Ali Akbar Khan was recording the bhajan, Ghanshyam Ki Aakhen for Aandhiyan (1952) rendered by Laxmi Shankar. Writer, and director, Chetan Anand asked his Alubhai (the sarod maestro to add a traditional rhythm to the devotional song. The ustad obliged with the use of a khol in the song which created the desired effect. For his debut, Aandhiyan Ali Akbar Khan roped in Ravi Shankar (sitar) and Pannlal Ghosh (flute) to compose the background score. Lata Mangeshkar moved to tears singing the title song Hai Kahin Par Shadmani did not charge a single penny.
The sarod legend always considered Aandhiyan closest to his heart as far film music was concerned. He also composed music for Navketan’s, Humsafar (1953). Though Anadi Nath Banerjee was the director, Chetan Anand supervised the musical score and acted in the film. Ali Akbar Khan used a rare fusion of the sarod and violin to compose a score for an emotional scene of Humsafar.
The Ustad had a brotherly feeling for Dev Anand whom he termed a “Cowboy.” So when composer Hemant Kumar requested the legend to perform the sarod in a scene from Ferry (1955) where Dev Anand would be seen playing it, he did so free of cost. Ali Akbar Khan taught the subtle nuances of the sarod to Dev Anand who along with Hemant Kumar’s son Ritesh on the tabla (played by Shantaprasad) canned the sequence in two takes for director Hemen Gupta.
In his directorial venture Anjali (1956) based on Gautam Buddha’s 2500th birth anniversary, Chetan Anand again took the help of Ali Akbar Khan. In an 800 feet scene where Nimmi tries to break the meditation of Chetan Anand, Ali Akbar Khan was emotionally inspired. He composed four different scores. Chetan Anand opted for the second one though Jaidev was the official composer of Anjali.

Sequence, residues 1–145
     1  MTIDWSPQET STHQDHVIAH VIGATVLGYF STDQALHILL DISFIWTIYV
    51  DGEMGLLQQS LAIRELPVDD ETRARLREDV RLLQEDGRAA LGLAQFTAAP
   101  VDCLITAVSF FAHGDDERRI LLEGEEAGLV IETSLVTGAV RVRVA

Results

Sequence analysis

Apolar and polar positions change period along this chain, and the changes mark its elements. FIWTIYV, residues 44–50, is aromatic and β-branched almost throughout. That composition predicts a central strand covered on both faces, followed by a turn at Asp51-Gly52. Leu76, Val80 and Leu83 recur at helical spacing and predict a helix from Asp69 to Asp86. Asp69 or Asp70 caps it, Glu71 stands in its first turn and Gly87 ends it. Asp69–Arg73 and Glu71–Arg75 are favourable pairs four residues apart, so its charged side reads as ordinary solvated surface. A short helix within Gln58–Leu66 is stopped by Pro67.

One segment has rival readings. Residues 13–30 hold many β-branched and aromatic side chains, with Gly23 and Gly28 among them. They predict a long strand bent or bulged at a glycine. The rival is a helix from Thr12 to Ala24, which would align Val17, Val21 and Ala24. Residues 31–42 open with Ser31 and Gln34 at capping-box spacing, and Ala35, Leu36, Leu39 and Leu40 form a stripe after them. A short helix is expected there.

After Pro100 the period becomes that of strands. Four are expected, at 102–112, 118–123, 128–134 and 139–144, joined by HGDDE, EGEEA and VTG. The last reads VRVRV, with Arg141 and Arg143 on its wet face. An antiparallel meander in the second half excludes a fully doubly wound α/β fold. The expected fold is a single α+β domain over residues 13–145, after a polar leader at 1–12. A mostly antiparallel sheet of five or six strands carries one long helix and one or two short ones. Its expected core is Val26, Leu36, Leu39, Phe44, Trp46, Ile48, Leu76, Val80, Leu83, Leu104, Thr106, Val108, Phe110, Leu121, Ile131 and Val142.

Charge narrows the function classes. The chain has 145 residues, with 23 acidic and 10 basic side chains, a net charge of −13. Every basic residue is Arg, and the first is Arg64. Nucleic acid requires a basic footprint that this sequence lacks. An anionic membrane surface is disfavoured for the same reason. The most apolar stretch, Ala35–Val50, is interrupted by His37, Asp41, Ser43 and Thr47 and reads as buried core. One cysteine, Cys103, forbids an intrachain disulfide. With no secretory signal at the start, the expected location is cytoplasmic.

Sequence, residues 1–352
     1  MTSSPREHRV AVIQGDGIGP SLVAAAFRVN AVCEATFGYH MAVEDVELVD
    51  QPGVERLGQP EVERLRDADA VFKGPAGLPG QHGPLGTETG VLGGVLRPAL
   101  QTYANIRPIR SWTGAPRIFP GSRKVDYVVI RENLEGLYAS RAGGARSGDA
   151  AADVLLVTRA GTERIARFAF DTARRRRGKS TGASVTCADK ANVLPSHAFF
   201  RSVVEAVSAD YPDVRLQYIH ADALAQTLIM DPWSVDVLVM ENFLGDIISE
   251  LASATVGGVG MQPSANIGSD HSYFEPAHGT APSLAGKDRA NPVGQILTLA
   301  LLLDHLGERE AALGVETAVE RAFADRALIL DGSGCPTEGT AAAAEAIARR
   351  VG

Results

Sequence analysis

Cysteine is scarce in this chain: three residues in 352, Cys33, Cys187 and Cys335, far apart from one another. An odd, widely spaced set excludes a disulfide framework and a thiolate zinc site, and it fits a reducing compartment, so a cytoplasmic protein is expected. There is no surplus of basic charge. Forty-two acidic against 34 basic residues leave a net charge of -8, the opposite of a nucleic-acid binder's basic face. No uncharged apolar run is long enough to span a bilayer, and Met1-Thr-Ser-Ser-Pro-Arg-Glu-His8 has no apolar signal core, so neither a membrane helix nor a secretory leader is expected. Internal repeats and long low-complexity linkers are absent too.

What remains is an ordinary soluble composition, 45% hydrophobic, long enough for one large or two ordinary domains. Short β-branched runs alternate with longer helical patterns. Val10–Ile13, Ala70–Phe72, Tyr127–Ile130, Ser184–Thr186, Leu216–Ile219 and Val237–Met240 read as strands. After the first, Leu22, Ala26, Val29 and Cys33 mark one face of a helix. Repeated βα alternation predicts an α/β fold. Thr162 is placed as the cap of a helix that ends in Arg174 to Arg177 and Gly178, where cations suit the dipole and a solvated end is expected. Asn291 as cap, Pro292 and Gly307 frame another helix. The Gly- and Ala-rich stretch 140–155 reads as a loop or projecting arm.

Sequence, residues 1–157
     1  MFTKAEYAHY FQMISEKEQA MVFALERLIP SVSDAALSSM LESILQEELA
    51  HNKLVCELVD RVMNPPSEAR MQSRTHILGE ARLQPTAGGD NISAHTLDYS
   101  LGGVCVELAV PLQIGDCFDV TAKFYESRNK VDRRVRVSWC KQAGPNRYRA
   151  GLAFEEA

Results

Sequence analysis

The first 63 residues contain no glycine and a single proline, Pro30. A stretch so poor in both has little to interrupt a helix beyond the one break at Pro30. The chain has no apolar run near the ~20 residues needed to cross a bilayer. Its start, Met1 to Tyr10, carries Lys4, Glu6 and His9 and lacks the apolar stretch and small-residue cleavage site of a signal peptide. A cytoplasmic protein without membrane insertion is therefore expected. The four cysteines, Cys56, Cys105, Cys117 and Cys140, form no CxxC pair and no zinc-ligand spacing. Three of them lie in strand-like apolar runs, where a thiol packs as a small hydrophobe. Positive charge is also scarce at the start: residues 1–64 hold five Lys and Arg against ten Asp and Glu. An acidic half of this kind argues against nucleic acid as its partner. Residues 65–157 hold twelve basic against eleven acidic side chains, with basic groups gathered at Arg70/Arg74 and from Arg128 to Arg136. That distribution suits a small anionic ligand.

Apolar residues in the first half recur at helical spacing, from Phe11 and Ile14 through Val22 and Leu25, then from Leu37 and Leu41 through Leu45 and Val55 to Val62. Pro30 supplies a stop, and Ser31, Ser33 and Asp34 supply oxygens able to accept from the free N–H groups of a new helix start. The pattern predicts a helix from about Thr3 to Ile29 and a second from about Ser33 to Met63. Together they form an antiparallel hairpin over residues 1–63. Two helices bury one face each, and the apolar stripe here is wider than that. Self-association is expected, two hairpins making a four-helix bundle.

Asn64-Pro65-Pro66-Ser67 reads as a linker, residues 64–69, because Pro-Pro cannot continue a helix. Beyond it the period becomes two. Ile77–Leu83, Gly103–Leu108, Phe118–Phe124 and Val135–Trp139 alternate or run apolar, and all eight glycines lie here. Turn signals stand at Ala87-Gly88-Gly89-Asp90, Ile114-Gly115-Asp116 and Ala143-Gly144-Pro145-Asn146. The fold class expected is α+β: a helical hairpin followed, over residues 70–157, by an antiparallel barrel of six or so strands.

Appreciating Ali Akbar Khan’s work in Aandhian, Satyajit Ray assigned him to compose for Devi (1960). As the language of cinema demands, Satyajit Ray controlled the use of music strictly. The results were superb but the non-compromising Ustad strongly protested. He even challenged the Indian classical music sense of Satyajit Ray. The thorough gentleman that he was, Satyajit Ray never retorted against this criticism.
Ali Akbar Khan and Tapan Sinha struck a good rapport working together in Khudito Pashan (1960) and Jhinder Bandi (1966). In Khudito Pashan, Ali Akbar Khan wielded the baton as Hemanta Mukherjee rendered the immortal Tagore number, Saghana Ghana Ratri in his golden voice. In Jhinder Bandi, the maestro combined sarod with bamboo flute and Indian drums well to compose the scores.
Ali Akbar Khan was at his creative best in the English and Hindi versions of Son-Et-Lumet for the Red Fort in 1963. A light, shadow and sound experiment for the Ministry of Tourism was brilliantly directed by Chetan Anand. Ali Akbar Khan’s scores for both versions were masterpieces of fusion music praised by even Yehudi Menuhin and Maurice Jar.
An all-time memorable yet controlled score by Ali Akbar Khan was for Ritwik Ghatak’s, Ajantrik in 1958. There were memorable uses of the sarod, cellos and flute in Ajantrik. For his score in Householder, 1964, an Ivory Merchant English film, the ustad created some unforgettable musical montages with Indian classic and western symphonies.
His last score was for Bernardo Bertolucc’s, The Little Buddha 1996. Though tired by then he did his best and made some interesting musical improvisations. In his centenary, the Ustad will be remembered as Dev Anand rightly said he was a musical saint who created divine melodies on sarod with his eyes closed. When he opened his eyes, they were red.